New Zealand BBQ Alliance head judge Greg Hart (left), festival organiser Tom Mcdonald, Stefan Apiata better known as “Stef the Maori” and Iti Stafford from Ahikā Pitmasters outside the Bond Store at a food pairing event. Photo: Supplied/22062727
A group of barbecue enthusiasts have met to pair meat with bourbon.
The Monday event was part of the larger Raro Fire and Food festival which is in partnership with Cook Islands Tourism. The festival is an extension of the Barbecue Pitmasters Competition held last year.
Festival organiser Tom Mcdonald said the tasting at the Bond Store
on Rarotonga was to showcase what could be done with barbecue food.
“Obviously some people think barbecue is just throwing something
on a gas hotplate but obviously it’s something different, so it’s good for them
to come down and give it a try.”
Mcdonald said it was also an opportunity for people to meet
special New Zealand guests who have come down for the festival which started on
“These guys have travelled to come and see us and help spread the
word of barbecue and help show case what might be in store Saturday with
One New Zealand guest is Stefan Apiata, better known to his social
media followers as Stef the Maori.
Apiata has 125, 000 Facebook followers, 25, 000 Instagram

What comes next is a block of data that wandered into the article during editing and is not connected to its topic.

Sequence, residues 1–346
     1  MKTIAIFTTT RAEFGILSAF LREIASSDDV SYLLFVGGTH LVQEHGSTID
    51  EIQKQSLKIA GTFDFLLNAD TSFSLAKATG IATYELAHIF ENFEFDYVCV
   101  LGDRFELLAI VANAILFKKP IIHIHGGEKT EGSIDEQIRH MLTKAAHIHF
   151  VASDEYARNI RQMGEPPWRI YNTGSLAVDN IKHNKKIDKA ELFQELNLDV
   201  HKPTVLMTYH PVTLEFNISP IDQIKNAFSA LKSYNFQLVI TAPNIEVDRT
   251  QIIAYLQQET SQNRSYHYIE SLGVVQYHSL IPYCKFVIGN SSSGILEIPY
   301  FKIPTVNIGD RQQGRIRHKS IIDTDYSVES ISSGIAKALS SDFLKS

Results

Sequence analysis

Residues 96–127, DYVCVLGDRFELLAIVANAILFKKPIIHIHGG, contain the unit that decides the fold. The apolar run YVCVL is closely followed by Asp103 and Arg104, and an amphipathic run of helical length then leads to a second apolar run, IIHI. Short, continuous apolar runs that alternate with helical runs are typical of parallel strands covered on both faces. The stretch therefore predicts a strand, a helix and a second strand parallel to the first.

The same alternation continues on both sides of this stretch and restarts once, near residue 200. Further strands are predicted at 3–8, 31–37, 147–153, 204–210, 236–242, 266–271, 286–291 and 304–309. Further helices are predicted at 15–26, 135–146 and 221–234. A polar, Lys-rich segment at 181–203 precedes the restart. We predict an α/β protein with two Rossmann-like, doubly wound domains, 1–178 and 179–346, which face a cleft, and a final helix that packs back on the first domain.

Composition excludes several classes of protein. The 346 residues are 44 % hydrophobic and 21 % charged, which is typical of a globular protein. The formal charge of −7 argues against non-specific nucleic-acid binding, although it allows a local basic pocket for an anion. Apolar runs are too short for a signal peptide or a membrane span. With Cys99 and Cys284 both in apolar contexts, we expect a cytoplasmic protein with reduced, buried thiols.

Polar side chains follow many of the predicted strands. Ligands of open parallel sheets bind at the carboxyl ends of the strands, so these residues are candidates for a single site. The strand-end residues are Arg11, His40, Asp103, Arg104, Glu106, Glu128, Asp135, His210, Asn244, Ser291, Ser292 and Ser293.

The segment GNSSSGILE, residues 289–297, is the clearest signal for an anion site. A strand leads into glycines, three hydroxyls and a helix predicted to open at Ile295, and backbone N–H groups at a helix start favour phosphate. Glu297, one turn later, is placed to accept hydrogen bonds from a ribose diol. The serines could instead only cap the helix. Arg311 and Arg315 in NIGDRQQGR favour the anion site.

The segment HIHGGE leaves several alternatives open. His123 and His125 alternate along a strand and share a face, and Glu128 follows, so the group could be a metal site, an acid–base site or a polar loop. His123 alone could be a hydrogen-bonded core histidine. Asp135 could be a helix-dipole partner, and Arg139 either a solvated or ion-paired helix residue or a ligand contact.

followers and around 25 thousand TikTok followers.
“I started off just doing cooking videos for fun and it took off
pretty quickly,” Apiata said.
Apiata started with open fire cooking but now mainly focuses on
barbecue. He will be one of the judges in the Barbecue Pitmasters
Competition which is the finale festival event.
Head Judge from the New Zealand BBQ Alliance, Greg
Hart will also be judging the event.
Hart said barbecue competitions are getting “bigger
and bigger” all the time in New Zealand.
“Whenever you bring something like this to town, the first
bite of a brisket or the first bite of a real rib, it just blows peoples mind
and that’s where I really get a kick out of it.
“Back home in New Zealand where I live, prior to me coming
home and cooking brisket for eight, 10- hours they were so used to just boiling
the hell out of it in a pot.”